Aaron Patzer, 29
To become the man he is today, Aaron Patzer gave up seven months of his golden 20s to lock himself in a room and write code. At the tender age of 24—frustrated with the multistep process of the popular financial-planning program Quicken—he decided budgeting didn’t have to be such a burden. Three years later, Patzer launched his solution: Mint.com, a website that keeps track of financial transactions, no manual input required.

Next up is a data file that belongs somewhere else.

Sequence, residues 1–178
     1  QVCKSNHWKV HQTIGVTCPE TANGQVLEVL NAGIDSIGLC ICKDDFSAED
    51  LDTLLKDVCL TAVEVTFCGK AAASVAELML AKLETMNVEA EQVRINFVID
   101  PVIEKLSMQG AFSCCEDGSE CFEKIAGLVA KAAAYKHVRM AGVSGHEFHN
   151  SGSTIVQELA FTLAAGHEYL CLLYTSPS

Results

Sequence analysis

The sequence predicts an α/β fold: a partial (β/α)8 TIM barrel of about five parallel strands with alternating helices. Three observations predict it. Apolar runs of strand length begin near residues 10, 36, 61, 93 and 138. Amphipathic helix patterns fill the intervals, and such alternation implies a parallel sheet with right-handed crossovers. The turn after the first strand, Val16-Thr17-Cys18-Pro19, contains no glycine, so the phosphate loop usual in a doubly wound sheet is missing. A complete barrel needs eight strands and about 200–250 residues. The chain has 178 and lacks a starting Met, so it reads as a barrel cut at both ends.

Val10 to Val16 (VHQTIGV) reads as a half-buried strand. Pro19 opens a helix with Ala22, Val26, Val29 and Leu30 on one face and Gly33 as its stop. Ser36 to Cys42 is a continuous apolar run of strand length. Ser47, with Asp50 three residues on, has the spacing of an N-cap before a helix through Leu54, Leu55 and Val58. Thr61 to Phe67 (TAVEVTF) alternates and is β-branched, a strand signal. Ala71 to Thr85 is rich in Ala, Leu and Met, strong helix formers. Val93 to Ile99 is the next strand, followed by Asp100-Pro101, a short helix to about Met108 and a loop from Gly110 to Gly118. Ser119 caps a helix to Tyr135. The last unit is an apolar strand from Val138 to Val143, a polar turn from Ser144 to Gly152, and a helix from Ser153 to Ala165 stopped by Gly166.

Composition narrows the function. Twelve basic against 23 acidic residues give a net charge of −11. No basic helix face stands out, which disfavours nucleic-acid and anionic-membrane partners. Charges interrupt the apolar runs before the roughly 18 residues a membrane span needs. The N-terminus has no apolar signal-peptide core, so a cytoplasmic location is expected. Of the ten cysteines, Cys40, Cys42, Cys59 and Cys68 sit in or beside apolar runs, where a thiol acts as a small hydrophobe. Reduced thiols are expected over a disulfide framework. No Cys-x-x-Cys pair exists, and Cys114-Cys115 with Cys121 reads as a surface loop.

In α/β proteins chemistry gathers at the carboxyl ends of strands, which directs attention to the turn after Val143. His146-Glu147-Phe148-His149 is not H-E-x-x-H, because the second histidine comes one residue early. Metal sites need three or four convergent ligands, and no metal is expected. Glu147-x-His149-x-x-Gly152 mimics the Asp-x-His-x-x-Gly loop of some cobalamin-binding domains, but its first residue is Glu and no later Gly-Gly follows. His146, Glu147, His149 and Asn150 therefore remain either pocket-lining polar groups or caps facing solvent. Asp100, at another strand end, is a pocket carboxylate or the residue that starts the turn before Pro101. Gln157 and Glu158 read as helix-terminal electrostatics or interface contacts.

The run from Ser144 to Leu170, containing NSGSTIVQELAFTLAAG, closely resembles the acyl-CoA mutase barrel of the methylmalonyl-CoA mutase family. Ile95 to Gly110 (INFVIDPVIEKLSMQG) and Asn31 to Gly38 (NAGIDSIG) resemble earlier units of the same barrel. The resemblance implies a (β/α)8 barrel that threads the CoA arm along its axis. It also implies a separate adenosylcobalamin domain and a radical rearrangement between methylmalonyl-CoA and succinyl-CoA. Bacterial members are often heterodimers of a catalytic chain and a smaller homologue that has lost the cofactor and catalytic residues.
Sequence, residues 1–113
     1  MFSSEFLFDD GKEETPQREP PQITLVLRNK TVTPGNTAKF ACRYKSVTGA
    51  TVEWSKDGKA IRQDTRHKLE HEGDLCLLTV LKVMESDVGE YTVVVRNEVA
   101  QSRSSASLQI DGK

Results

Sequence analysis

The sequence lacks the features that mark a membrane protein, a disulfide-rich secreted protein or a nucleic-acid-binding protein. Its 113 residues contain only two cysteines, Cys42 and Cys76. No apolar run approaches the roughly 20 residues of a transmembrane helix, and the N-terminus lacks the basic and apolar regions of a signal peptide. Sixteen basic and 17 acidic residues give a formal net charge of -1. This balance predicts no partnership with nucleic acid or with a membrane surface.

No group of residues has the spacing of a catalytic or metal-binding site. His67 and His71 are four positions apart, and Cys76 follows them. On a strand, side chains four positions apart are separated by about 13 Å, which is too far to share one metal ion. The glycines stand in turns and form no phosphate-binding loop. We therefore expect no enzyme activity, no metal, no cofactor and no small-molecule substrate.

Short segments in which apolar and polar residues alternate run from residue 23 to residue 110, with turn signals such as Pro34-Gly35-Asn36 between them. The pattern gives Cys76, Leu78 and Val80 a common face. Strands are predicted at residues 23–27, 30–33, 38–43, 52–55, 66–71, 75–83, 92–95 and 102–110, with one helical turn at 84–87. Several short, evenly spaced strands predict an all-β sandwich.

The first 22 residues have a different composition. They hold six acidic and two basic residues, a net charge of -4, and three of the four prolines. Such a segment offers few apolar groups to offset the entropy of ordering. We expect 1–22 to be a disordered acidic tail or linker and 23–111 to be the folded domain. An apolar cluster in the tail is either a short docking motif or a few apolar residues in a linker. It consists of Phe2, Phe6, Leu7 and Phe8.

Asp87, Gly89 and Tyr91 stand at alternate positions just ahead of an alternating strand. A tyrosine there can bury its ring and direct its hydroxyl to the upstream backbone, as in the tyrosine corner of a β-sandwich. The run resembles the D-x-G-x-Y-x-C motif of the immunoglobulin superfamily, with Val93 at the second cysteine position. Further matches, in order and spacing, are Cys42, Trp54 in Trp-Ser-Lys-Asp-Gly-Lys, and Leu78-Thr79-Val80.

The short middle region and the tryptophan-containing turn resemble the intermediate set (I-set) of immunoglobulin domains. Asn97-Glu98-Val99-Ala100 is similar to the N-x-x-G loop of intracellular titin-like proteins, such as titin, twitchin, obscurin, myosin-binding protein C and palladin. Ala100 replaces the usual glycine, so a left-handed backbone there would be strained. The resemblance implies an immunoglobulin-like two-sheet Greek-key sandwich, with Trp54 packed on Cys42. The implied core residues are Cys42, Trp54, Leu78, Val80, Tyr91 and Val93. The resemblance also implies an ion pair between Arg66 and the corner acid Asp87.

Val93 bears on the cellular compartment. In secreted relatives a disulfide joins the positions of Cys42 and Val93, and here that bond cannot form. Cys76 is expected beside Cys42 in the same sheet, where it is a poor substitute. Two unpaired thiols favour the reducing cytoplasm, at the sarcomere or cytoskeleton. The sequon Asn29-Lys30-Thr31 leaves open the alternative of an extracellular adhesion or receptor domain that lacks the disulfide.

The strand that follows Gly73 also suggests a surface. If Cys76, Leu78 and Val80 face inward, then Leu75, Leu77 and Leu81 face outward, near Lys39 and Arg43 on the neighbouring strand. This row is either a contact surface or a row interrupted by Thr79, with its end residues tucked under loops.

Millions of users caught on—as did Mint’s undisputedly bested competitor, Intuit (which owns Quicken). All’s well that ends well: Last year, Intuit bought Mint for $170 million.